Contemporary ecstatic naturalism was first formulated in Professor Robert S. Corrington’s Nature and Spirit: An Essay in Ecstatic Naturalism (Fordham University Press, 1992). This has been followed by a number of publications further extending the scope of this unique portrayal of nature, perhaps best expressed in his Ecstatic Naturalism: Signs of the World (Indiana University Press, 1994) and A Semiotic Theory of Theology and Philosophy (Cambridge University Press, 2000). In these later works Corrington probes into the correlation of psychosemiotics with the psychoanalytic theories of Freud, Rank, Jung, Reich, and Kristeva wherein the human unconscious shows itself to be the multiform gateway to the vast underconscious of nature. Theologically, panentheism is critiqued for its intemperate application of theories of relation and teleology to an unwieldy theory of nature as the “order of orders.”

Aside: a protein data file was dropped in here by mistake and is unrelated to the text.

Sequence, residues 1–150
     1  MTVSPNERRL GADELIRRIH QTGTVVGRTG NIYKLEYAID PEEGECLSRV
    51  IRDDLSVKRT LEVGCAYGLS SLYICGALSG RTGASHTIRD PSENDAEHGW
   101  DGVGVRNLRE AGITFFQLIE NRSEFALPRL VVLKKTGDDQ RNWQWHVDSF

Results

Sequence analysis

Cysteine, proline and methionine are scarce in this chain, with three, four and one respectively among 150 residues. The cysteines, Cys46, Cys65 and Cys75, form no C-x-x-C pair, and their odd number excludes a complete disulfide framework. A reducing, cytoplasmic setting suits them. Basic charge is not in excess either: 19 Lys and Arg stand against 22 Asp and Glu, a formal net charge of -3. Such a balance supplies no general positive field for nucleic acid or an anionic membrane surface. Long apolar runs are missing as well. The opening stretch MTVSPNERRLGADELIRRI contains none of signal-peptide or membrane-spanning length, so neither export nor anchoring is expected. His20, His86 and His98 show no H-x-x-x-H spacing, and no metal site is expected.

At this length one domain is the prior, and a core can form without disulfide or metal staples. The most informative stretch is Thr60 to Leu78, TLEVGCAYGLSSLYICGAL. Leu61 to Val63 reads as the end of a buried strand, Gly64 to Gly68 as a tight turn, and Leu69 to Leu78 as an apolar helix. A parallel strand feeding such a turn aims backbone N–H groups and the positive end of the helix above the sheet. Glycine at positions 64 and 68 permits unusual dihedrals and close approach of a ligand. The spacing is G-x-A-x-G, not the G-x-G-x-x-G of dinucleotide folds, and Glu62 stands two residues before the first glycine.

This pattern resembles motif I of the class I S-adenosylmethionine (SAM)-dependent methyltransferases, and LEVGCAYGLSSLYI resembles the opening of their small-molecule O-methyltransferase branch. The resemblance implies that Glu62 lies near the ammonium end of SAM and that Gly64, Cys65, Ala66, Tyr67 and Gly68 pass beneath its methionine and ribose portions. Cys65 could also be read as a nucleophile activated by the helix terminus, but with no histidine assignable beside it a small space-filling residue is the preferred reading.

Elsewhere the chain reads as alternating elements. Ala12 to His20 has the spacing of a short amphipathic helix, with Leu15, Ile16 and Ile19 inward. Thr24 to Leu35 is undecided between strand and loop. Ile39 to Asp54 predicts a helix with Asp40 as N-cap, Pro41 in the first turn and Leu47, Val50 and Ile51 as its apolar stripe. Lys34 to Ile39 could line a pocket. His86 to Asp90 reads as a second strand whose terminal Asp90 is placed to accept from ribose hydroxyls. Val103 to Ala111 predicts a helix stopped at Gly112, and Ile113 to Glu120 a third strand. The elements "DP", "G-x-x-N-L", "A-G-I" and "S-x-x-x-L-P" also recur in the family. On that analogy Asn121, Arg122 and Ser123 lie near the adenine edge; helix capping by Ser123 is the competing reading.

In his semiotic trilogy, (Ecstatic Naturalism, Nature’s Self, and Nature’s Religion) Corrington locates the human process within vast natural potencies that shape and groove all that we say, contrive, surmise, conjecture, build or dream. His 2003 work, Riding the Windhorse: On Manic-Depressive Order and the Quest for Wholeness, applies the regnant categories of ecstatic naturalism to the highly destructive yet creative mode of attunement found in manic-depressive disorder.
As part of his procedure of emancipatory reenactment, Professor Corrington has addressed the philosophy of the founder of pragmaticism and the larger tradition of semiotics in his 1993 book, Introduction to C.S. Peirce. He has used this procedure in regrounding the psychoanalysis of Wilhelm Reich in his 2003 work, Wilhelm Reich: Psychoanalyst and Radical Naturalist. In both cases slumbering potencies are set free to appear in their relevant sphere of prevalence thus coaxing latent momenta from nature naturing into their fitful puissance in nature natured.